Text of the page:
AI systems are complex sociotechnical systems – that is, they consist of material and social components which, by being put into particular kinds of relations, work together in specific ways. Consequently, it is not sufficient to understand AI systems as isolated lines of code – instead, AI systems should be understood as intertwined with data, computational power, storage, market relations, organizational ontologies, societal practices, and epistemic capabilities. In effect, AI systems are not isolated from the various ‘other’ issues often thought of as tangential, such as “those pesky humans that get in the way of AI systems functioning properly.”
In this paper, we first outline some of the limitations of AI systems from a data science perspective. While many of these issues have been discussed before, they provide a fundamental lens to understanding the principles upon which these technologies are built, within the confines of ‘the code itself’. This includes questioning the techniques used for developing AI systems, common confusions around the interpretation or application of data and methods, and concerns about the use of particular parameters for making decisions (i.e. about how to design a system).
Building on this discussion, in the second section we detail how AI systems cannot be contained as merely technical issues, instead brimming with complexity. The issues of ‘the code itself’ cannot be regarded merely as technical faults with technological fixes – in fact, such an understanding is inherently problematic. However, understanding the wider issues only becomes possible with a grasp of the data and computer science fundamentals, both their strengths and limitations, because it is precisely these mechanisms which lead to particular kinds of issues in contexts of different scales and scope. In this section, we explore matters of power, scale and structure, as well as the value(s) we enact with AI systems.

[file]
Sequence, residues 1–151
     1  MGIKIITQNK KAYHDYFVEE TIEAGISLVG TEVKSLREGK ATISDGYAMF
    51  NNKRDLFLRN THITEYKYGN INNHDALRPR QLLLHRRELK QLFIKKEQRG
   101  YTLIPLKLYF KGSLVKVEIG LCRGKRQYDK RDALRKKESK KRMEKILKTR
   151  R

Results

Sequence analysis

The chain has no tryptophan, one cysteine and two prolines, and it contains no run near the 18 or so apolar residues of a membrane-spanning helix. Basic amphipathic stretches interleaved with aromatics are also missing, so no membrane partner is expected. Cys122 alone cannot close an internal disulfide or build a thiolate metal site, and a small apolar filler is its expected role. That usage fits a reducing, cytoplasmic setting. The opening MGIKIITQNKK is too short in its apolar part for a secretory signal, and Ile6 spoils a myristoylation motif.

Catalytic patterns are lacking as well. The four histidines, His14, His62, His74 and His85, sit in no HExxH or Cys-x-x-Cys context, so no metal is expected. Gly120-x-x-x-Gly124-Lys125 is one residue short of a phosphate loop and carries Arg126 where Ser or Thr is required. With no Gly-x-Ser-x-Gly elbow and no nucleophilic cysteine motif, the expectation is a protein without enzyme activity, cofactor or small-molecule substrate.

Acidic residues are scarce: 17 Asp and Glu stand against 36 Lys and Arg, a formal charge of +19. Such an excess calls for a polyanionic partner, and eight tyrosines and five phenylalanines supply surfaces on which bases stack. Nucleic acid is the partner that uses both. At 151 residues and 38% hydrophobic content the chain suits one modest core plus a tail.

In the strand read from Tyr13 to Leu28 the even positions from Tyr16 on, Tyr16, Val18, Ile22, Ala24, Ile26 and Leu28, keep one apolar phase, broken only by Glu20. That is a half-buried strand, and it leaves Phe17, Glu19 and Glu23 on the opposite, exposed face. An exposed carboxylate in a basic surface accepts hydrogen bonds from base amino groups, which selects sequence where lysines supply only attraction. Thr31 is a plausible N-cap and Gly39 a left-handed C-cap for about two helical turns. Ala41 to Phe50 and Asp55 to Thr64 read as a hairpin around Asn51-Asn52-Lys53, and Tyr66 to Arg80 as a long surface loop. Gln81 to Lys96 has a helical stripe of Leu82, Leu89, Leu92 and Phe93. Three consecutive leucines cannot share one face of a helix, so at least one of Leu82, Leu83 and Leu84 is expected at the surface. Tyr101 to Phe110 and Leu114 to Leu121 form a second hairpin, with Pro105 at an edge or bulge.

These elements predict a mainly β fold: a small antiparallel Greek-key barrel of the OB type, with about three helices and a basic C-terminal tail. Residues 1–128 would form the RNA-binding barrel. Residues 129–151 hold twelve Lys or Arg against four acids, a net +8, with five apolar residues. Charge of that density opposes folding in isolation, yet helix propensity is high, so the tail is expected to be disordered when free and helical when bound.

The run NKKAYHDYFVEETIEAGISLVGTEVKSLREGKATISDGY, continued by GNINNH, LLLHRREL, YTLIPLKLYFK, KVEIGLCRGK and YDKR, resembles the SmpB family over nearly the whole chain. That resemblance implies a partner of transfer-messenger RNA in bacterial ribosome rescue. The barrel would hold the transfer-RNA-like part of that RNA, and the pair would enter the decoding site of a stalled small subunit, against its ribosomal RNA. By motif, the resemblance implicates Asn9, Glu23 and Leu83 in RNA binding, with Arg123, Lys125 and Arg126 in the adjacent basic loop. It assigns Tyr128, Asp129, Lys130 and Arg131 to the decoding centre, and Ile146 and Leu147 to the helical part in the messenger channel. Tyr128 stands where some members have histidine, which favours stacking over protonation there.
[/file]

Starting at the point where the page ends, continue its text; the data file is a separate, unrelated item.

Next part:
With this basis, we move on in the third section to raise some questions and offer a series of indications for dealing with AI systems. We seek to draw in wider questions and contemplations to round off our reflection on the implications of complex, sociotechnical AI systems in our world. Understanding AI systems as complex sociotechnical systems unfolds pathways to address existing issues, and we argue that different ways of thinking will be key to handling the challenges to governance posed by AI systems in very particular contexts. In the boxes rounding off this paper, we display a small selection of further concerns which informed our approach and arguments.
To conclude, we briefly touch upon governance – briefly only, for we hope that the thoughts and ideas that we have provided will feed into collaborative efforts to make AI systems (with) care for our world.
Fariba Karimi and Rania Wazir acknowledge the funding from WWTF roadmap grant number RO22-002.